Chief electoral officer Marc Mayrand told a Commons committee Tuesday that Bill C-21 does not accomplish its goal: ending the ability of candidates to bypass strict limits on political donations by taking out hefty loans that often go unpaid for years.
He said the bill is too complex, fails to close some existing loopholes and actually creates some new ones.
After listening to Mayrand's detailed analysis of the bill's flaws, even Conservative members of the committee seemed to think it's not salvageable in its current form.
"You've raised a lot of interesting points today," said Conservative MP John Williamson, a former communications director for Prime Minister Stephen Harper.
"It sounds almost like we've gone from a real mess into a swamp."
Fellow Conservative Tom Lukiwski, parliamentary secretary to the government House leader, suggested the government may have to start over.
"Obviously, we have the ability to amend the bill," Lukiwski said. "The minister may want to take a look at going back to the drawing board, so to speak."
Bill C-21 is the Harper government's fifth attempt to reform the law on political loans, all of them motivated by Conservative outrage over allegedly deadbeat Liberals who've failed to pay back loans taken out during their 2006 leadership contest.
Most contenders from that contest went well beyond the 18-month deadline for loan repayment. Three — Vancouver MP Hedy Fry and former MPs Joe Volpe and Ken Dryden — have still not repaid all their loans.
The bill makes one significant change that would make it easier for erstwhile leadership contenders to raise the money needed to pay off their loans. Instead of limiting donors to a one-time maximum of $1,200 per leadership contest, it would allow individuals to contribute $1,200 each year.
The bill would amend the Canada Elections Act, making it illegal for corporations or trade unions to lend money to any election candidate, party, riding association or leadership contender. Individuals would be limited to loaning no more than $1,200, the same as their donation limit.
Loans greater than $1,200 could only be issued by banks or other accredited financial institutions at commercial rates of interest. All loans would have to be paid off within three years and riding associations or parties would be held responsible for any unpaid loans taken out by their candidates.
The bill would also require more transparency in reporting details of loans, guarantors and repayment regimes.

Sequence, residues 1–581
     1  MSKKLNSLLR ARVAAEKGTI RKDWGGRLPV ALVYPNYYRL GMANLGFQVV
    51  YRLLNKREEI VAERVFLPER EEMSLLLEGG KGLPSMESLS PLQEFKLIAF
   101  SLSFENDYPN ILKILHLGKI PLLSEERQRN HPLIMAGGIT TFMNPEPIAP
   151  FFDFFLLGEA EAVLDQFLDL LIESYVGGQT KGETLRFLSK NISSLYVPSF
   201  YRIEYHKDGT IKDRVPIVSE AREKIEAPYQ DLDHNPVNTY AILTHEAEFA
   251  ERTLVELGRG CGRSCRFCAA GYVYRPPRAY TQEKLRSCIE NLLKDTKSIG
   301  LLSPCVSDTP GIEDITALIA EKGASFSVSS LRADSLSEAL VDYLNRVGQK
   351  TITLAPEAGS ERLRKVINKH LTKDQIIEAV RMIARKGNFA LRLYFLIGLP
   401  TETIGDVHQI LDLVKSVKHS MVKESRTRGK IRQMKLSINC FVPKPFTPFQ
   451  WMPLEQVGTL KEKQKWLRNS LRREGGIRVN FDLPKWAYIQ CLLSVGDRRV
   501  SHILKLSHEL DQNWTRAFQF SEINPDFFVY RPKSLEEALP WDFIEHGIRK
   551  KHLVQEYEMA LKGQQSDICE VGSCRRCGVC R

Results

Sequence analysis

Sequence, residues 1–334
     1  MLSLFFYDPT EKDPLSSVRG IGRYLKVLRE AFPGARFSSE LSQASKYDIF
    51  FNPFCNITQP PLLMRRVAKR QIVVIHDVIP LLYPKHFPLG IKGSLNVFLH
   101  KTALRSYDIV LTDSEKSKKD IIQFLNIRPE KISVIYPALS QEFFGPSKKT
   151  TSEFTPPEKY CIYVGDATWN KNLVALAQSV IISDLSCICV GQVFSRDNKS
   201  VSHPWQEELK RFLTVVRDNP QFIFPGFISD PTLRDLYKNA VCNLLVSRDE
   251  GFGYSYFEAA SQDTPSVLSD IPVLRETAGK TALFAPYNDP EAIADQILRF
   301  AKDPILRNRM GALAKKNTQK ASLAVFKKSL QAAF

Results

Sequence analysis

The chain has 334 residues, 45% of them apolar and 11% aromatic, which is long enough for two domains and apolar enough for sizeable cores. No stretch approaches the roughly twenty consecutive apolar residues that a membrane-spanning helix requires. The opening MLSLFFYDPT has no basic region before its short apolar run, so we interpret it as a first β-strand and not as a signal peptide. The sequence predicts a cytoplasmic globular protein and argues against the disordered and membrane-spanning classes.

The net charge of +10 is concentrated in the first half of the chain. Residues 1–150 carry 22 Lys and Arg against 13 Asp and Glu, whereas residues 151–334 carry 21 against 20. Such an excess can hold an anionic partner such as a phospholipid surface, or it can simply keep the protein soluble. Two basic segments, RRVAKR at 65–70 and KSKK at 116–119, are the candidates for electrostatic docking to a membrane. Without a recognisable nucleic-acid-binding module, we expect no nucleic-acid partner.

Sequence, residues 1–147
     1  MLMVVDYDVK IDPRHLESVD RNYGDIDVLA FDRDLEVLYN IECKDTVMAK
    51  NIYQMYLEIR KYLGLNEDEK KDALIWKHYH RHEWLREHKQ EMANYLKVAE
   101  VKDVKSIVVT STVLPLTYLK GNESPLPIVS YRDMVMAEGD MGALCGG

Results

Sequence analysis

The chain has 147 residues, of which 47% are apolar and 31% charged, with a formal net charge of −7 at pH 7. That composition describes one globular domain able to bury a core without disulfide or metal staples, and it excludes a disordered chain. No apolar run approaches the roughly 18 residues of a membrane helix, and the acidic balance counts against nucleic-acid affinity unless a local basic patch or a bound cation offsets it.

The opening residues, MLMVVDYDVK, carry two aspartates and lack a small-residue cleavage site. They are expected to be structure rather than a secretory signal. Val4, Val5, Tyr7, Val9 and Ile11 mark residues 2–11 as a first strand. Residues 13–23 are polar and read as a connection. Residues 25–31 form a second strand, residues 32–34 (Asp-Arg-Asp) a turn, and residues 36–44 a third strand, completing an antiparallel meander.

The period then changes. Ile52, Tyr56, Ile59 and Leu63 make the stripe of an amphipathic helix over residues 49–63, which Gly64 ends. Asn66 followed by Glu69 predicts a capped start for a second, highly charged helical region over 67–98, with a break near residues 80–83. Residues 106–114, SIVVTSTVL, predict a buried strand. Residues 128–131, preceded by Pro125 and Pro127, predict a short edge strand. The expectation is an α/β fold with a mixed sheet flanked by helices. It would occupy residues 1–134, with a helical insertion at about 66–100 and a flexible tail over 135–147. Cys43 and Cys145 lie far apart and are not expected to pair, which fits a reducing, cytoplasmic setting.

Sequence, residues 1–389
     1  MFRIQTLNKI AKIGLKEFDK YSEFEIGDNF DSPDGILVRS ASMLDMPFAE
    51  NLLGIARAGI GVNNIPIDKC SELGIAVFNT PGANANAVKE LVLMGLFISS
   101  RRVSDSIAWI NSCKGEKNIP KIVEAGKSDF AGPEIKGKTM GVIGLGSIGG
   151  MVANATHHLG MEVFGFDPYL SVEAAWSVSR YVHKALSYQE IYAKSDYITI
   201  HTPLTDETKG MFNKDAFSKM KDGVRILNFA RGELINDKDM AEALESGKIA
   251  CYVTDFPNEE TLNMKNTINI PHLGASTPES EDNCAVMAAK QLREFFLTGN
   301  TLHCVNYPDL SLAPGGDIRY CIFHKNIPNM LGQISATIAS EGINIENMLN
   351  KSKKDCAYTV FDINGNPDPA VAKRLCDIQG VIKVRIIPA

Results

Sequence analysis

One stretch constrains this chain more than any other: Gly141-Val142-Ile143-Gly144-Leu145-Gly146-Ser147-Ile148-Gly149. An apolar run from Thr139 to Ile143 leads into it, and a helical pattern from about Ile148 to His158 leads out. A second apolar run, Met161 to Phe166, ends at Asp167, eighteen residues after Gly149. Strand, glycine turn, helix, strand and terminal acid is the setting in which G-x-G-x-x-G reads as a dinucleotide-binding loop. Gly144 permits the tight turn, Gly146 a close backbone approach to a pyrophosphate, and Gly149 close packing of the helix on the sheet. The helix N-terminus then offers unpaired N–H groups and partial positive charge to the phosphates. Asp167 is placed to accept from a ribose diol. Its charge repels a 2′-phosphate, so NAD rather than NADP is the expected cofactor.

The existing law on loans "is already quite complex and C-21 does not reduce that level of complexity, it builds on it," Mayrand said after his testimony to the committee.
"And I think it's not good for democracy when citizens don't know exactly how they go about making valid contributions to democracy."
While "the principle of the bill is laudable," Mayrand told the committee the bill would create a complicated regulatory and paperwork nightmare for candidates, parties and, ultimately, for Elections Canada, which would have to administer the new law.
"There is also a risk that this would lead to a proliferation of cases of non-compliance and create an incentive to find ways to circumvent the rules," he said.
Among other flaws, Mayrand said the bill does nothing to stop an individual from selling unlimited goods and services on credit to a campaign — essentially rendering the $1,200 limit on direct loans from individuals meaningless.
And he said it will make it particularly hard for independent candidates, who are not back-stopped by a party with deep pockets — to obtain loans.
Mayrand also said the provision making parties and riding associations responsible for their candidates' unpaid loans would not apply to leadership or nomination contestants. He recommended parties be held responsible for the outstanding debts of all their affiliated entities, with the possible exception of leadership contenders.
For the latter, he suggested the penalty for failing to repay loans should be a ban on running again.
Also on HuffPost